Map of life expectancy at birth from Global Education Project.

Saturday, April 26, 2008

Where has I been?

Sorry for the absence, I spent the past two days working on the Spanish language voice over for a video teaching therapeutic massage to people who care for loved ones with cancer. This had me locked in a studio all day and driving back and forth from Boston to Portsmouth before and after. I swear I don't know how people keep this up every day when they have day jobs.

Anyhow, let me try to catch up a little bit. First of all, regarding the study on life expectancy, I pointed out, correctly, that of the old confederacy most of Virginia escaped the decline, but I should have noted that the southwest corner of the state -- the part that remains rural and Old South in character -- actually suffered the worst of it. While this certainly helps to prove the point, it also sharpens the question of why exactly this happened.

One can only speculate at this point but my hypothesis is that these areas have the worst of both worlds. In the old days, rural poverty wasn't so bad for you. People ate from their own gardens, did physical labor, walked a lot. Now they eat at McDonald's, work as retail clerks, in call centers or other sedentary but stressful jobs, and drive everywhere. I should note that while women suffered the largest declines in life expectancy, they still live longer than men. It's not that they're necessarily getting the worst of it, just that women in these places have lost much of their former advantage.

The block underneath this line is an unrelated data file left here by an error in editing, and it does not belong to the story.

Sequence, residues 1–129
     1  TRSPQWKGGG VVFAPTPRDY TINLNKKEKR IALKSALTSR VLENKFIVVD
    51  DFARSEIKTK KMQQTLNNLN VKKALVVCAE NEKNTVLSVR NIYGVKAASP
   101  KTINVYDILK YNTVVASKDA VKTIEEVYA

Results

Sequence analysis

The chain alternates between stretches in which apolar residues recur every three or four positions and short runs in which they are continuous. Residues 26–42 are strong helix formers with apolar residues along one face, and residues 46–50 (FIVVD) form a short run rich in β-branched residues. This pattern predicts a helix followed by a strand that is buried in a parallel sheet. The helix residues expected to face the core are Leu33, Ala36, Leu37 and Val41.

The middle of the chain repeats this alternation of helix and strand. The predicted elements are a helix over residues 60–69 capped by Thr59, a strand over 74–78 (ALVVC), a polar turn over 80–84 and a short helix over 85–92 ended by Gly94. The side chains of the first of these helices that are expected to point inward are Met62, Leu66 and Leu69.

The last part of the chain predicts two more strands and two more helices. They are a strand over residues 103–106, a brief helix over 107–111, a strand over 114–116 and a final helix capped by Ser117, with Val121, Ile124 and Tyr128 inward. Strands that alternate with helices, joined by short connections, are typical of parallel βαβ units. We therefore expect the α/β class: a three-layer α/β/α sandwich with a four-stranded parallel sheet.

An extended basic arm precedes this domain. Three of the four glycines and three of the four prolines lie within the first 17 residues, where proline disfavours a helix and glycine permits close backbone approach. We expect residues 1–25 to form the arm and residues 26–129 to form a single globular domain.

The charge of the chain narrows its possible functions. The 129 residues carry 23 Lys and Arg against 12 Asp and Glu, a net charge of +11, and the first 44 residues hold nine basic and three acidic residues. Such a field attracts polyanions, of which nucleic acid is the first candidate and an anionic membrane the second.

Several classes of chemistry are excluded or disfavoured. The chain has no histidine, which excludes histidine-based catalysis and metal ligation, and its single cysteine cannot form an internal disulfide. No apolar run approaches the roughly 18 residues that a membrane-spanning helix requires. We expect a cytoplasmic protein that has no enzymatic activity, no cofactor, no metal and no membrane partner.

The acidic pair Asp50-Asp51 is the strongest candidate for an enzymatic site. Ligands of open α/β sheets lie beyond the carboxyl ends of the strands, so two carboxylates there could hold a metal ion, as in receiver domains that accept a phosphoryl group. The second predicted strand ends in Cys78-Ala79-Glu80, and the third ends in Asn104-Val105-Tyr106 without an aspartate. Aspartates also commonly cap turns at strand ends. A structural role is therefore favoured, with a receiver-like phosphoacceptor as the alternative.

Our friend Ana points out some of the limitations of mortality statistics and I endorse her comments. Causes of death on death certificates are notoriously misleading. After all, everybody dies of cardiac arrest. When heart disease is coded as the principal cause of death, one might think of the real causes in a given case as diabetes, hypertension, hypercholesterolemia, any of which might be related in turn to diet, physical inactivity, obesity, tobacco addiction, all of which are potentially related to socioeconomic status but amenable to some extent to medical intervention. But the death certificate doesn't tell any of that story.

It's important for people to understand the artificiality of the life expectancy construct. It doesn't really predict the future, as it purports to do, but it is a useful way of summarizing the present. The decline in life expectancy does tell us that more people in these areas of the country are dying before they reach their seventies than has been the case recently.

But that does present a nice segue into the question of the future, which was the subject of my previous post. Like many people, I'm not necessarily optimistic that we can pull our chestnuts from the fire. I'm expecting hard times. I think Lester Brown is as well. However, you don't gain anything by undermining people's self-efficacy, individually or collectively. We need to do the best we can and we aren't going to do that if we despair. The more we can do, and the sooner, to make the necessary radical changes in our way of life, the less unwelcome change will be imposed on us.

My complaint is that politicians -- including, let's face it, Barack Obama and Hillary Clinton -- aren't telling the people the truth and aren't making serious proposals to address the crises facing humanity. I understand why -- they've seen what happens to politicians who try to intervene against the profound denial and narcissism of the American people -- but I desperately hope that once he's elected, President Obama will have the courage and wisdom to talk realistically about the terrible perils we confront. Meanwhile, whoever can do it has to yell and scream.

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